Our results of tMRCA for HIV-1 subtype B Tat in the United States was 1954–1955 with a variable rate of evolution obtained using the Bayesian approach. However, the tRMCA was found around 1967 using the strict molecular clock model. For external genes like Env, the tMRCA for HIV-1 subtype B in the United States and Western Europe was likely to be around the middle of the 1950s to the late 1960s [11,31,32] whereas in another showed that tMRCA for Env, Gag and Pol in Americas, Western Europe and Australia were found around 1960, 1962 and 1959, respectively . According to the Pol gene-based analysis, the spread of subtype B in Americas occurred through a single introduction event in the Caribbean region around 1964 (1950–1967). It has also been speculated that subtype B-driven epidemics in those regions might have started during that time  which is in line with our current study findings. In case Asian countries such as in Thailand, the HIV-1 Env gene in subtype B strains were emerged in the mid-1980s . However, in Korea, HIV-1 subtype B was emerged in the early 1960s . Interestingly, we found two peaks for HIV-1 Tat in subtype B around those previously mentioned dates. On the other hand, we found that subtype C was emerged in Africa between 1960s and 1970s in HIV-1 Tat. However, for Env, Gag and Pol gene previous study found tMRCA were around 1950s, 1960s and mid 1950s, respectively . Another study estimated the tMRCA for the HIV-1 subtype C Pol gene was estimated to be in the early 1970s; notably, these strains were introduced into the general population in several instances through heterosexual or mother-to-child transmission. Moreover, our detected tMRCA of HIV-1 Tat for subtype C was found one decade later than the findings in a study conducted in Bangladesh, where they found large regional cluster of samples from Bangladesh, India, China and Myanmar, which dates back to the early 1960s in HIV-1 Gag . Overall, the tMRCAs of HIV-1 Tat in subtypes B and C found in our study are in line with other genes of HIV-1.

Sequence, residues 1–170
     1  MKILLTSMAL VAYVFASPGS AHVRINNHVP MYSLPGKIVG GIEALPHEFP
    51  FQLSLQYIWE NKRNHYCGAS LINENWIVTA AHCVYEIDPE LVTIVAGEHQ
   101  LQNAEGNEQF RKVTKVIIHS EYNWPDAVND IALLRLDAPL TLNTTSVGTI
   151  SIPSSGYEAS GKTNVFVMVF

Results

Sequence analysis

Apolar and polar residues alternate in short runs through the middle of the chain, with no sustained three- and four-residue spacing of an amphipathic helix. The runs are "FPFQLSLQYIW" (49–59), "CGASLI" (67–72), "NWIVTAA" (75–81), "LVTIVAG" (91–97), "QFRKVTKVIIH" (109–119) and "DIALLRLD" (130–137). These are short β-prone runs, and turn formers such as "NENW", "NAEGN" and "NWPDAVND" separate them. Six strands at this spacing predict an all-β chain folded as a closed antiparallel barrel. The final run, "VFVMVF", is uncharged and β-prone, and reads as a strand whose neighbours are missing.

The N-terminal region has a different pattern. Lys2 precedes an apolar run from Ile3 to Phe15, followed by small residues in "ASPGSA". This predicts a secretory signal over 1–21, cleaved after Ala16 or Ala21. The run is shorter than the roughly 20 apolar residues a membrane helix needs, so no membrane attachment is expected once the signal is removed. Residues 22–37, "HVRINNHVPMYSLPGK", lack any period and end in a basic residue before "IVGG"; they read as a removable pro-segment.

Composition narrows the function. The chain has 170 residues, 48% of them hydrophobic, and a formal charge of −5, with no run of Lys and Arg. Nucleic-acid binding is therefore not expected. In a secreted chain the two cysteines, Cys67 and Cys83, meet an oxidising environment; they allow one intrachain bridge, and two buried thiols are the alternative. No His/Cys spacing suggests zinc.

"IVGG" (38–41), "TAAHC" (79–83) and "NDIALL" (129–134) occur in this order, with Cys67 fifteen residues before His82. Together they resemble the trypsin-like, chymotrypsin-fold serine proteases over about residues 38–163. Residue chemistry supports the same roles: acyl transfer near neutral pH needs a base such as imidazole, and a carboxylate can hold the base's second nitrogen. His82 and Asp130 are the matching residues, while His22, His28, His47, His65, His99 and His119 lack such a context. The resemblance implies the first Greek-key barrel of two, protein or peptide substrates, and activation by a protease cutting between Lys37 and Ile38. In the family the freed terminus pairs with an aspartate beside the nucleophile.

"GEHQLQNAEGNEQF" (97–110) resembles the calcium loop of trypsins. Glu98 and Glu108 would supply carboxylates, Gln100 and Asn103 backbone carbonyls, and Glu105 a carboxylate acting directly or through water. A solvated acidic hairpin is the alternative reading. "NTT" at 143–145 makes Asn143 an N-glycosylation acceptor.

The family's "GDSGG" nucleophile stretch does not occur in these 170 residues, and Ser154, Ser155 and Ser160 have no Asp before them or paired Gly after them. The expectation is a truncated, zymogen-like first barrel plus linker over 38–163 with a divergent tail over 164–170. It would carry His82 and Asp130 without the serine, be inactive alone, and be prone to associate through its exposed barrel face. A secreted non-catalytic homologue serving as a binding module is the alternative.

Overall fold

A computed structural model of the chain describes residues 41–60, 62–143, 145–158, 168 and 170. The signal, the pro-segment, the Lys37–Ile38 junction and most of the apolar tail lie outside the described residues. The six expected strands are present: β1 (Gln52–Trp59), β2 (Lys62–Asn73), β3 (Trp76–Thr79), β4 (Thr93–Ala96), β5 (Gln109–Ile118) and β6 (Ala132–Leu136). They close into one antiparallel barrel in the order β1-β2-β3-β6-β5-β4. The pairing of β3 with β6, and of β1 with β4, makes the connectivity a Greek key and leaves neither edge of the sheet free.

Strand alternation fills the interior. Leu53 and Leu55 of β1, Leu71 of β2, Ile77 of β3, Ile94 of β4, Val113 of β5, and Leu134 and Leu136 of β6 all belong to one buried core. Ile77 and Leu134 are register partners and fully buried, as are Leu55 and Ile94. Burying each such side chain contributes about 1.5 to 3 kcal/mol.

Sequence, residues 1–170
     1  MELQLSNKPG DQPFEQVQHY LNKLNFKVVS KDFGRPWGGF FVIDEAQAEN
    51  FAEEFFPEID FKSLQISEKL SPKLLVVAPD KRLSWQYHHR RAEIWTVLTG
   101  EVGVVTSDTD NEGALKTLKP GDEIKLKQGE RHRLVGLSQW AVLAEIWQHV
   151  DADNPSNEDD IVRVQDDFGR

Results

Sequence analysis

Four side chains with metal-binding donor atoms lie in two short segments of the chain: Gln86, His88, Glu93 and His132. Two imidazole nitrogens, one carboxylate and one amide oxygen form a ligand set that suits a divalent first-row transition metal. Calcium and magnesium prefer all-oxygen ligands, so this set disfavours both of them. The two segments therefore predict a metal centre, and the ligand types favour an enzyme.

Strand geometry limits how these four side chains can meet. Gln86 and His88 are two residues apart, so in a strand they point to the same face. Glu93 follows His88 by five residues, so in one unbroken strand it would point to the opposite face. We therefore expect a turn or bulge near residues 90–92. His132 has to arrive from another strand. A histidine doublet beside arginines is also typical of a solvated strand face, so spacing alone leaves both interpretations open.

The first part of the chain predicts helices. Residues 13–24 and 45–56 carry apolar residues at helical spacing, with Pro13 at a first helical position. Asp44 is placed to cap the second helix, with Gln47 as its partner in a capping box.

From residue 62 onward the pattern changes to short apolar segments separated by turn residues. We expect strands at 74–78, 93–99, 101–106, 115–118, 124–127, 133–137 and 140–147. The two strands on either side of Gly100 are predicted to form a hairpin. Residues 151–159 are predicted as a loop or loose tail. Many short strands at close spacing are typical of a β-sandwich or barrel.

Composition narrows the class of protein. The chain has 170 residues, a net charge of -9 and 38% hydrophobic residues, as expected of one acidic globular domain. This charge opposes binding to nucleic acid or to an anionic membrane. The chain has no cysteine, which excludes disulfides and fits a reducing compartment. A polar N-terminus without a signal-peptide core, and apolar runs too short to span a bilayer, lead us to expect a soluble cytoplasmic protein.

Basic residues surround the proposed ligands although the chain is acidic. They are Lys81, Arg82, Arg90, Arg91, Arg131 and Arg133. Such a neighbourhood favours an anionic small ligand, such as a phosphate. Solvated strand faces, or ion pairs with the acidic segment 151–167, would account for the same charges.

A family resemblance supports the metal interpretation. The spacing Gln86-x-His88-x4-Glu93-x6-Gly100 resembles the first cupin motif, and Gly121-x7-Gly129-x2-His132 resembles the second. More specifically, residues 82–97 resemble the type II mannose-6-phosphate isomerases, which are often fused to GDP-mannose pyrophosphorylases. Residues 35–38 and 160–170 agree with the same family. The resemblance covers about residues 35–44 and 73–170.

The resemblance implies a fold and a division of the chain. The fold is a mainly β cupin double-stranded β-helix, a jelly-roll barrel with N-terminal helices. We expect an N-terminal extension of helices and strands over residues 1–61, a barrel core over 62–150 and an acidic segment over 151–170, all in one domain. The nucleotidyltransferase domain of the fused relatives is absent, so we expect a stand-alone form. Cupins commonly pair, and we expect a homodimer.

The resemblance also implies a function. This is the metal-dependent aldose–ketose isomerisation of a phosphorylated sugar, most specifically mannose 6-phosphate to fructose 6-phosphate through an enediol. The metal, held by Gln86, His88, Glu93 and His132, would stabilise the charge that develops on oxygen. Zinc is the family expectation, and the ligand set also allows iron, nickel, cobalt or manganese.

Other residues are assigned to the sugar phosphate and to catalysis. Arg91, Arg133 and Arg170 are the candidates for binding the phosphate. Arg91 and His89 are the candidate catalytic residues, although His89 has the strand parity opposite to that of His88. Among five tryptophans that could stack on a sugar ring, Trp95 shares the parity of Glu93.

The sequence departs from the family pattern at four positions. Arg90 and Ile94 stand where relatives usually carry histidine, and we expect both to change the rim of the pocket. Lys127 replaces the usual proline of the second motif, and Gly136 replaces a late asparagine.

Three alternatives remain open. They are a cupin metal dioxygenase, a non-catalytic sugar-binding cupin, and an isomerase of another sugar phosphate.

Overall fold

In the current study, we observed that epidemiological trends proceeded relatively slowly. The time span of the HIV-1 epidemic often encompasses months or even years owing to slow inter-host transmission kinetics. Moreover, the chronic nature of the disease leads to the persistence of epidemics through diffusing the infection among vulnerable groups . As described previously, the extent of transmissibility is influenced by the time period of infection dynamics as well as by the changing vulnerability of hosts after epidemics . Infection from multiple genotypes in an individual host provides a low level of cross-immunity , which may lead to slow evolutionary kinetics of HIV-1 proteins. It is noteworthy to mention that using the appropriate phylodynamic approach is imperative when correlating an epidemic event to its underlying genetic changes. In this regard, we performed a coalescent tree analysis to determine the nucleotide diversity for each time unit within a given phylodynamic framework. We measured the viral dynamics using GMRF skyride analysis, which enabled us to measure the evolutionary dynamics of HIV-1 based on Tat.